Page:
Tony Supreme: ‘I’m about exploring wellbeing through music’
Ten years ago, Anthony Olanipekun finished a prison sentence. Now he’s the CEO of the charity, Grounded Sounds, a Soho House Foundation partner. He tells his story to Ciaran Thapar for his All City newsletter
Thursday 18 May 2023 By Ciaran Thapar Photography by Tristan Bejawn
In June 2019, when my newsletter All City was a column for British GQ, I wrote an article about the work of a music charity based in Brixton, south London, called School Ground Sounds. I interviewed a range of young musicians who’d passed through their programme, including 17-year-old Paul Goumou. After completing his sentence at the local Youth Offending Service, Goumou was supported to pursue his dream of becoming a professional drummer. Four years later, he now tours with Burna Boy.
This spring, refreshing its purpose and celebrating its partnership with the Soho House Foundation at White City House in west London, School Ground Sounds relaunched to become Grounded Sounds under the leadership of Anthony Olanipekun, otherwise known as the radio host and DJ, Tony Supreme.
I meet with Olanipekun in the cafe of Brixton House theatre to hear more about his own remarkable story. Well-built from a tea-total discipline of early morning gym sessions, with long dreadlocks and rimmed glasses, he carries the considered yet calm air of someone you would want selecting your records, as well as overseeing a charity that works with vulnerable young people.
As we take our seats, he mentions that he’s just returned from a weekend leadership residential in Winchester. It has forced him to reflect on how far he’s come over the last decade.
‘Yesterday was Mother’s Day, so I went to my mum’s house and gave her a card. I was saying to her that 10 years ago I missed it because I was in a cell, you know? I was serving a sentence,’ he says. ‘So everything that’s happening this year feels very important. Seeing where I’m at 10 years later, on this leadership programme that I never thought I’d be on, feels very divine. It is a reminder that a lot of the work I’m doing today started ages ago. I’m only now starting to see the fruits of it.’
Olanipekun developed a love for music from a young age: he was born into a Christian Nigerian household where his dad would play funk, Afrobeat and soul vinyls, and he remembers becoming inspired by watching The Lick with Trevor Nelson, a popular television show on MTV Base in which its namesake would present the latest drops in Black British music.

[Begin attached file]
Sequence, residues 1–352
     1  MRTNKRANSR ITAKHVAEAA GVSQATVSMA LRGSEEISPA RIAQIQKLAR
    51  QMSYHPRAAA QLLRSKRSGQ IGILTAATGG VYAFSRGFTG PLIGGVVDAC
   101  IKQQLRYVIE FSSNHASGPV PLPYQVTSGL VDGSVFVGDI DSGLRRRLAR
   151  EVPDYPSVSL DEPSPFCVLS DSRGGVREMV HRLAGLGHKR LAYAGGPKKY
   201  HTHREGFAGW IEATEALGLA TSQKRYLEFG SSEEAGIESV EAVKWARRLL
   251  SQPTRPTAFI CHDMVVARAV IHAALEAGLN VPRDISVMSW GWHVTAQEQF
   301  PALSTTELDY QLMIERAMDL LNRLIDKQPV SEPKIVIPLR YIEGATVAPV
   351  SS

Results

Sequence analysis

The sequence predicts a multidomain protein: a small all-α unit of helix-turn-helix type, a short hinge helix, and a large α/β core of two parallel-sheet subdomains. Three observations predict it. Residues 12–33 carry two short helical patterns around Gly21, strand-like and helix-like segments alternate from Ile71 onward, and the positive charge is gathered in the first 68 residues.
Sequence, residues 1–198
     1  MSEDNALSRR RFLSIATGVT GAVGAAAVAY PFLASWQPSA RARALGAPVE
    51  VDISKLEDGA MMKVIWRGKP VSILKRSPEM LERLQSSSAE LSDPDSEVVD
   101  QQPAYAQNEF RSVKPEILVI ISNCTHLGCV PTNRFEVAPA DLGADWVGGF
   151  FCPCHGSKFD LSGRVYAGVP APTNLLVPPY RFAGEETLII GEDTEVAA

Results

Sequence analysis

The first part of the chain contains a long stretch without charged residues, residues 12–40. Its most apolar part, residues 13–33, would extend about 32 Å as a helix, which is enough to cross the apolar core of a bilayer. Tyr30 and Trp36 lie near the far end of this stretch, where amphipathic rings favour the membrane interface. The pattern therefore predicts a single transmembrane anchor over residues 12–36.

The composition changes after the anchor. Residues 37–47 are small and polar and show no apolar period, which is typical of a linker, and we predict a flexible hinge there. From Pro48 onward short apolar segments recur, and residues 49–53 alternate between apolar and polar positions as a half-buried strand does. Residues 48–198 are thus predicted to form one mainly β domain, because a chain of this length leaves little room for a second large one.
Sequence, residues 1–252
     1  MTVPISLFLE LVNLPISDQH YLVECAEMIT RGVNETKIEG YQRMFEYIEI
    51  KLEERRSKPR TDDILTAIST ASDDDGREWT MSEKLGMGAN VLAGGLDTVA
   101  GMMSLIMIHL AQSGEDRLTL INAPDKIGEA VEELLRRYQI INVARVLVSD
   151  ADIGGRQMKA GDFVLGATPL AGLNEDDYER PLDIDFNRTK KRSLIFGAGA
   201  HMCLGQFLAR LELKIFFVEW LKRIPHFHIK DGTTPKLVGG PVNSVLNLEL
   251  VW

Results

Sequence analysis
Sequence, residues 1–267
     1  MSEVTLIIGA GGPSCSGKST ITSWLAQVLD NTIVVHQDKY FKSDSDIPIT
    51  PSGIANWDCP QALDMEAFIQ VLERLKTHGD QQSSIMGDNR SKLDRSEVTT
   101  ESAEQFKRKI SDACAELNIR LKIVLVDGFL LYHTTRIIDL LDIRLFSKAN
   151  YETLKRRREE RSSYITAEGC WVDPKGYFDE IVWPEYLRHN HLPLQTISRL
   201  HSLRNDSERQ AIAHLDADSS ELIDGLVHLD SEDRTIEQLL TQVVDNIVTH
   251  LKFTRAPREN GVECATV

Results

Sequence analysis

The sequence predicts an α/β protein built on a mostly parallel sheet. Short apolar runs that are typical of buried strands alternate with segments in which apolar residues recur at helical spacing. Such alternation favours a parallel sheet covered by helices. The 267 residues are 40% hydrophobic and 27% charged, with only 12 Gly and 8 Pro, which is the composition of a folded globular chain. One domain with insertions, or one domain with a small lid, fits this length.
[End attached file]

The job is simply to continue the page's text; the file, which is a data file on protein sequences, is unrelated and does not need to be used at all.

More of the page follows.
He grew up in Fulham and went to secondary school in Victoria. These parts of London are not typically associated with poverty or crime, but the educational catchment area Olanipekun belonged to included many teenagers travelling in from south of the Thames. He was a committed student who aspired to become a youth worker, but found the proximate social problems among his peers could easily spill into his own navigation of adolescence.
‘South London in the mid-2000s was a very different place to what it is now. You can walk through Brixton and not be approached now. Then, it was like… I wouldn’t come to Brixton unless I was with someone from Brixton, you know? I got into the cycle of defending myself, and then becoming the aggressor. As I got older, going out clubbing, being in group situations where it’s not really something to do with you, but you’ve got to defend your friends… I kept finding myself in those situations. It was a lot to do with ego and masculinity, with not backing down,’ he recalls.
A mistake while completing his undergraduate degree at university in Essex would land him a two-year prison sentence in HMP Brixton in 2011.
‘It was a moment to reset, strategise and reckon with the position I was in. I did a lot of thinking, I read so many books, I wrote poetry. I started to think about what I wanted to be doing in the future.’
When I ask if he remembers a particular turning point, Olanipekun mentions first hearing Erykah Badu’s 1997 album Baduizm — widely regarded as a formative body of work for neo-soul, a pre-millennium sub-genre borne out of the marriage between soul music’s easy listening melodies and low vibrations, and the boom-bap drum patterns and danceability of hip-hop.